To Sunray and Back

September 7, 2009

In all the hullaboo of the past couple of weeks, I have yet to give you a proper travelogue of my trip to Sunray, Texas. This is my attempt to do so now.

For those of you (like me until I actually arrived there) that do not know where Sunray is, it is a small town of approximately 1500 people about an hour North of Amarillo. It is quite a drive (took me 8 hours to get there, 7 hours to get back). And the sights I saw would blow your minds.

The GPS decided to send me through the wastelands North of the Red River, turn west in the horrible pile of smoldering buildings that used to be called Oklahoma City, and turn North once I hit Amarillo. It was an interesting experience. I got stopped by the border guard. They seemed nice enough people, bravely defending our nation from the roving bands of hippies and other sub-human scum that populate Those United States. Driving through the 5-mile wall was an haunting experience. Pitch darkness surround you, with the occasional crush, rotting bodies of those who did not escape the concrete pouring peeping out. WinStar Casino survived by forming a thick glass dome around their property before King Norris ordered the creation of the border wall, for those of the gambling persuasion. They even hired mole people to do all their outdoor services (valet services, parking lot lawn care, dome repair, washing mangled bits of human flesh off of visitors’ cars, et cetera). Most people probably would not notice the difference.

I am relatively happy to report that the Wasteland is attempting to at least restore the semblance of civilization they had going before they were accidentally nuked by Those United States. Unfortunately, they think civilization is measured in highway repair efforts. I drove through 4 different highway repair zones in my brief time in the Wasteland. Then again, the billboards tell a story that the denizens of the Wasteland had little idea what civilization was in the first place. Ads for this one Ham Sandwich joint peppered the first hour across the border. Once I got past the Ham Sandwich place, billboards for various tourist traps (casinos, drive-thru safaris, an action figure museum) showed that the Wasteland had little of value to offer. Kind of sad, when you think about it.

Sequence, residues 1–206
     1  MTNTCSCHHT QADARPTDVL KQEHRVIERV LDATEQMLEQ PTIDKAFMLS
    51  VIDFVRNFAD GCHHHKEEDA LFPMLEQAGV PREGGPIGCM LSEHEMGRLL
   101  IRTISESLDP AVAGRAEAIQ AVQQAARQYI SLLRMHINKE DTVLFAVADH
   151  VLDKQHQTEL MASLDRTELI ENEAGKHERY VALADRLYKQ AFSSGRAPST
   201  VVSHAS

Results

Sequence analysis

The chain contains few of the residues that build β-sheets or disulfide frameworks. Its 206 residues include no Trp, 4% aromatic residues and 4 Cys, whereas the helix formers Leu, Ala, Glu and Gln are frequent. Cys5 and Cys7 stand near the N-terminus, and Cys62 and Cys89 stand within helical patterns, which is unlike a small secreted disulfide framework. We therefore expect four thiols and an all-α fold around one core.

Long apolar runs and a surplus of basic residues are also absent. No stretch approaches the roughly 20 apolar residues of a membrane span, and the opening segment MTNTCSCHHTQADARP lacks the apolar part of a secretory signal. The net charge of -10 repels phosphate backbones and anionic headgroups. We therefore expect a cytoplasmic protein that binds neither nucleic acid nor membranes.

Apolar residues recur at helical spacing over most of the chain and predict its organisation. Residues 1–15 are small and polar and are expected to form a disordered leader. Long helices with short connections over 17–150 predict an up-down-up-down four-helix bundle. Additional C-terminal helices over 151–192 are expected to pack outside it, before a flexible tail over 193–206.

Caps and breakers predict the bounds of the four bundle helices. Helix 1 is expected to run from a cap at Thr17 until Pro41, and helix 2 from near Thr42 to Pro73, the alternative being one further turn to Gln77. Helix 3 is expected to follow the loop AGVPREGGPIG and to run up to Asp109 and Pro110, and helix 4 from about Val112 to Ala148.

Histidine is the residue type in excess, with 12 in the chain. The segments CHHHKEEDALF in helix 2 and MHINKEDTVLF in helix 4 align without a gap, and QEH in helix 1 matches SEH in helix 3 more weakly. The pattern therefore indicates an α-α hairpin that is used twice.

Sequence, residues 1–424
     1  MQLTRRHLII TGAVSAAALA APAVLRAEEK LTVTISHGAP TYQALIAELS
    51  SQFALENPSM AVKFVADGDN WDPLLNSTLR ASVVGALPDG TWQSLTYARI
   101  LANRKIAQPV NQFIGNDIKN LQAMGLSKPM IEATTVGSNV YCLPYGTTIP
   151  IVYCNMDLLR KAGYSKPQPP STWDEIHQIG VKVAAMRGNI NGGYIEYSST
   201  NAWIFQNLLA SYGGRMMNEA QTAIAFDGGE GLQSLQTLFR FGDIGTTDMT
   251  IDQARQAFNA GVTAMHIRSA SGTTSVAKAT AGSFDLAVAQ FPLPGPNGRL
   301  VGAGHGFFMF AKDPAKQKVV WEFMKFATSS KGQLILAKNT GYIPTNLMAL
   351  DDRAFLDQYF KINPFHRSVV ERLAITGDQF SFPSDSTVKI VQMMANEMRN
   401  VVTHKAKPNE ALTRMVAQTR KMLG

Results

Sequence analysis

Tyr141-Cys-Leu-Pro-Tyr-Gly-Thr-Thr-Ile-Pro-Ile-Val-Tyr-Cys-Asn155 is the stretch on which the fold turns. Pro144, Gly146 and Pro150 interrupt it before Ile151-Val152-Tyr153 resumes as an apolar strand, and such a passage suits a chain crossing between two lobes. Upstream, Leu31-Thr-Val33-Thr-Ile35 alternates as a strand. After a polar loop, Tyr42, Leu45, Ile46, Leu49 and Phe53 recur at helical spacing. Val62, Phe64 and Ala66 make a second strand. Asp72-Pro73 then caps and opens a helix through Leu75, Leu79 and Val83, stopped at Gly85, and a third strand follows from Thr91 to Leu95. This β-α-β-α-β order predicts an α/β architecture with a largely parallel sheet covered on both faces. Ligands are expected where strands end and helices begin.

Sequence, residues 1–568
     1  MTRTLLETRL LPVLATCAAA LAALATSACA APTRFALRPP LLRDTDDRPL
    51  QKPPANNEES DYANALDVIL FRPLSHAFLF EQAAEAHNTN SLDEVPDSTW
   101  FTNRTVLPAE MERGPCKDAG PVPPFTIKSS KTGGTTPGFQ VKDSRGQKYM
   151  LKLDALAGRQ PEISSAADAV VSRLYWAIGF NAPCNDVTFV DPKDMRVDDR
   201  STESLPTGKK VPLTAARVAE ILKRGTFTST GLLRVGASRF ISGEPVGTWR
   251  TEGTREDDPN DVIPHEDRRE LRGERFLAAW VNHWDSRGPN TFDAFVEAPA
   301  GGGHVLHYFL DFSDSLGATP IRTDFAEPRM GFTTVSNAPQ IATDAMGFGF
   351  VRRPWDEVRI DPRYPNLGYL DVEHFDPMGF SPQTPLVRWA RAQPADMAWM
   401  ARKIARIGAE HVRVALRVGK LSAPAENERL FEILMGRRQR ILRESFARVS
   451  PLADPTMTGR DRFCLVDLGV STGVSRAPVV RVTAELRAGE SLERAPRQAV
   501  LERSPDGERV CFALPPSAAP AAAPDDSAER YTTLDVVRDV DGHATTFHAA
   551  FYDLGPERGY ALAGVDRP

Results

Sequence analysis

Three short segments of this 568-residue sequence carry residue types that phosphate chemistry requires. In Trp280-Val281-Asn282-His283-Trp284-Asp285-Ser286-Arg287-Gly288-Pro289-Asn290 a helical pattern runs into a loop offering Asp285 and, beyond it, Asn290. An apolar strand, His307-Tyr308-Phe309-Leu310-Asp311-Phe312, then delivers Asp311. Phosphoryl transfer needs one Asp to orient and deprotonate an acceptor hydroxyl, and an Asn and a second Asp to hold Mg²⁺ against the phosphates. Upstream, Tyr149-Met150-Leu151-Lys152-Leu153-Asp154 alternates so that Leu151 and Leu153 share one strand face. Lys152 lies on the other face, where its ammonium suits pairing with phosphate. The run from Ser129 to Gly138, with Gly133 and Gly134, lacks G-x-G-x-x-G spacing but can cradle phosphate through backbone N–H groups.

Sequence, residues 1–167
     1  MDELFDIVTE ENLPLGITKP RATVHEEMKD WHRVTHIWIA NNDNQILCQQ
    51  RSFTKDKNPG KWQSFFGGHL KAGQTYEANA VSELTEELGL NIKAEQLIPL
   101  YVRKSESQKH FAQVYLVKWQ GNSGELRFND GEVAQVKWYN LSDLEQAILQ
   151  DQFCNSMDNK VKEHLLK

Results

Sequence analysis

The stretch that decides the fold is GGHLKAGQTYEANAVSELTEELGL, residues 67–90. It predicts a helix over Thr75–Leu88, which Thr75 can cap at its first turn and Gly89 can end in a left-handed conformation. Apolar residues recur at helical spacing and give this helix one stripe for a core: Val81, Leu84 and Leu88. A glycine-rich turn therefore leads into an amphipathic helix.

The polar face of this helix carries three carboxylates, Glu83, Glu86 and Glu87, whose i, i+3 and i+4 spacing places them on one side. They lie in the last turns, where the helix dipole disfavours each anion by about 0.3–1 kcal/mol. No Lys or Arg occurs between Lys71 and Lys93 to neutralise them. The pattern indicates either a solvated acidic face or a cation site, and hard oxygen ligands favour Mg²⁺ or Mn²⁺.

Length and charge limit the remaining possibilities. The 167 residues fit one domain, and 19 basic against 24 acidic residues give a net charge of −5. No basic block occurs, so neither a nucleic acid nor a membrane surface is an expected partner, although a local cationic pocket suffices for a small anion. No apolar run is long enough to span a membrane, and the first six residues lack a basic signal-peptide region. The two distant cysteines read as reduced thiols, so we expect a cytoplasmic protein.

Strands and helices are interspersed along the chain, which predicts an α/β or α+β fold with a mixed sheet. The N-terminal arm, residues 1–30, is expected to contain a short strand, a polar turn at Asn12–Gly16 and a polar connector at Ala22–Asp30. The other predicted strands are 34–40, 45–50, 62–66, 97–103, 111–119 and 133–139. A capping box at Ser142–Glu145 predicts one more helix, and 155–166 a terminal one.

But still, the mutants that inhabit the wasteland still take legal tender and not crave the flesh of men, so it could be worse.

The effort I had to exert to get back into the Kingdom of Texas was much greater than the effort it took to get out, as one would expect. I’m not allowed to divulge all of the tasks one had to perform to prove one’s allegiance to the great Kingdom of Texas (we are trying to keep to riff-raff out), some of the things I am allowed to list (to try and scare out would-be trespassers) are:

  • Gargle 50-alarm chili.
  • Hit a target with a long arm whilst blindfolded.
  • Perform a bone-shattering roundhouse kick on a captured mutant.
  • Rip a mutant’s heart out without killing it and feed the organ to it.
  • Survive 5 minutes in an artificial black hole and then escape.

I got through, filled up the car, and continued on my way.

I got to see the largest cross in North America from the highway and passed by a place advertising a free 72 ounce steak (so those places you here about actually do exist). The Texas panhandle is a sparsely populated, hilly prairie; there is not much to see.

I had a nice visit with the parents. Apparently, Mom is cooler than I am (she has an iPhone, a Facebook page, and a Twitter account). They say one dies a little when ones discovers that one’s parents are cooler than one is; I think I had some hair follicles dissolve. Dad seems content with semi-retirement, having given up the lousy Wal-Mart job to work as a teacher’s aid for the school district. And R Lee Ermey hates gum balls but loves to paint with machine guns.

I pseudo-ignored the suggested route on my way back to Denton. My mouth had not yet healed up from the 50-alarm chili, which is so hot that Yankees would burst into flames at the mere smell of it, and did not wish to try again while healing up from the experience. The guards said King Norris is the only one able to consume it without being at least somewhat burned by the fiery dish. So, I stayed in Texas throughout my trip back. It drove my cheap GPS a little crazy, but it eventually found the right track.

I got to drive though Bowie, thus completing my efforts to at least visit all the cities that NCTC has a campus in. I also got to see the empty space that supposedly holds the mythical city of Decatur. They say that if you arrive in the actual city, you are vaporized by the giant, laser-shooting robo-ants that guard the recipe to “Texas Tea” (which is the source of all things Texan). It’s not exactly a recommended tourist spot, if you get my drift.

All in all, a good trip.


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